Thursday, May 15, 2014
May 18, Easter 5, Community of Jesus #3: RSVP
Acts 7:55-60, Psalm 31:1-5, 15-16, 1 Peter 2:2-10, John 14:1-14
"If in my name you ask me for anything, I will do it." Why does Jesus make this invitation? It sort of discredits him. C’mon, Jesus, not really. How many things that we’ve prayed for in his name are still not done. His promise contradicts what our experience tells us. He could have qualified it with just a few more words, like, "I will do it–if I think it is a good idea," or I will do it–as may best for you," both of which would make it fully credible. But he didn’t. He says it unqualified and absolute.
Why did the author record him saying this? The author was his best friend John, who wrote this down some decades after the fact. During those years the Apostle John will have had his own experience of unfulfilled requests. He could have suppressed this promise as something not helpful.
That he did not suppress it, you may take as a sign of the author’s trustworthiness. He reported even those things which seem to discredit his hero. Not only things back then which are hard to believe, like the miracles and the resurrection, but also things which would touch your own experience today, like this promise. It’s harder to believe that Jesus is faithfully present and active in your life than it is to believe that those events might have happened. It’s harder to believe that Jesus will keep his promise to do anything you ask in his name than to believe that he rose from the dead.
Jesus gives this promise as an invitation. But we rarely return the RSVP. From fear of disappointment? From only half-believing? Because we’ve learned to take a lot of our promises with a grain of salt? From not expecting much from God?
Pentecostals and Charismatics return the RSVP a lot. They take the invitation at face value, and they keep on asking, and with specifics and details. If Jesus doesn’t do what they ask for, they blame themselves and their lack of faith or holiness. This has the effect of saving Jesus’ reputation. But to end up blaming yourself is not why Jesus offered this invitation. He offered it for comfort and encouragement and precisely to take you out of blaming yourself. He opens by saying, "Let not your hearts be troubled." This invitation is meant to encourage you and comfort you.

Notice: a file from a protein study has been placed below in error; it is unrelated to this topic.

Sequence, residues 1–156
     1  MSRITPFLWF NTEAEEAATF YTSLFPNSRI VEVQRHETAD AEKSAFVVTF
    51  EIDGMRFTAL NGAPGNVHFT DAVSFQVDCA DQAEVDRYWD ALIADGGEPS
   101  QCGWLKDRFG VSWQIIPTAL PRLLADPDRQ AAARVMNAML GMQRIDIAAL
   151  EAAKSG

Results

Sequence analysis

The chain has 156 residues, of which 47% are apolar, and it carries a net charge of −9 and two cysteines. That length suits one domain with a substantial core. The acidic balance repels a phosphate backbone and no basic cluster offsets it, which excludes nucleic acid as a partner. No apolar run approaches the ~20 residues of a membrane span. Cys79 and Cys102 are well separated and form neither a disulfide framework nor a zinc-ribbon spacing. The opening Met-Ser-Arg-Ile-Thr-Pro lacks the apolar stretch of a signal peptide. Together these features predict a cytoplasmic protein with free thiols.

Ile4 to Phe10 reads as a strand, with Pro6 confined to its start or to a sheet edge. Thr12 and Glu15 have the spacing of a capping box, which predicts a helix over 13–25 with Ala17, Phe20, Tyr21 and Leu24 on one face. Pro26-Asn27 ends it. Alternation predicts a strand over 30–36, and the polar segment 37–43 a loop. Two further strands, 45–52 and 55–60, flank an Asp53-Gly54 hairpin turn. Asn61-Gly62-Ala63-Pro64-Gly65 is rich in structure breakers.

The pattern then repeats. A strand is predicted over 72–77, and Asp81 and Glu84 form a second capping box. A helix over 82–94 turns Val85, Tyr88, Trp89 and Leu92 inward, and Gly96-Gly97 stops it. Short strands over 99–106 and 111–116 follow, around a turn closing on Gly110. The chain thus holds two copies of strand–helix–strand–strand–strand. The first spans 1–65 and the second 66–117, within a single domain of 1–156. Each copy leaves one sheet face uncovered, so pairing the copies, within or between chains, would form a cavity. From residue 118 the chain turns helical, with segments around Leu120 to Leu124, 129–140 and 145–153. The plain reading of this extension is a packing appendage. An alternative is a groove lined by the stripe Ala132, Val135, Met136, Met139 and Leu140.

Should you filter what you ask for? No. Ask for anything. Even Jesus, praying in the Garden of Gethsemane, asked his Father to spare him the cup of suffering. But then he added these words too: "Nevertheless, not my will but your will."
The Apostle Paul tells us that he kept asking the Lord for the removal of his so-called "thorn in the flesh," but finally he got the message back, "My grace is sufficient for you;" in other words, "Okay, dear Paul, that’s enough."
So do you have to give up asking? No and Yes. I would say only when you get a clear enough message back; but to be able to perceive and accept such messages you have to develop your spiritual maturity.
Do you have to adjust what you ask for? Yes, because the Lord Jesus is adjusting you, in terms of your gradual conversion and transformation, like with Paul, and because the world keeps moving, and your circumstance. In the case of Stephen, in our first lesson, I’m sure that on the day before his martyrdom he had not been asking Jesus for what he was asking now, that the Lord Jesus would receive his spirit, and that the Lord would not hold the sin of his killers against them. You do have to adjust what you ask for.
Should you ask for less? Yes and No. Probably for fewer things, but then more passionately and daringly for those fewer things.
Should you grow in maturity in what you ask for? Yes, of course. You can ask for anything, but you want to start asking for the anything that Our Lord wants for you, for the anything that receives the coming of his kingdom in the world and in your life. That takes discipleship, and learning, and patience, and self-examination.
On Easter Sunday I said that the resurrection leads Christians to speak of things we do not know the meaning of. Of course we do know some of the meaning of what we speak, but much of the meaning we do not know, and yet we are to speak of the things beyond us with conviction. So we hold up this contradiction between the invitation and our experience. Jesus did not fear this contradiction, and the Apostle Paul did not back off from it, and the Apostle John did not suppress it in his gospel but reported it, and I guess he figured you could handle it, and that you need to handle it.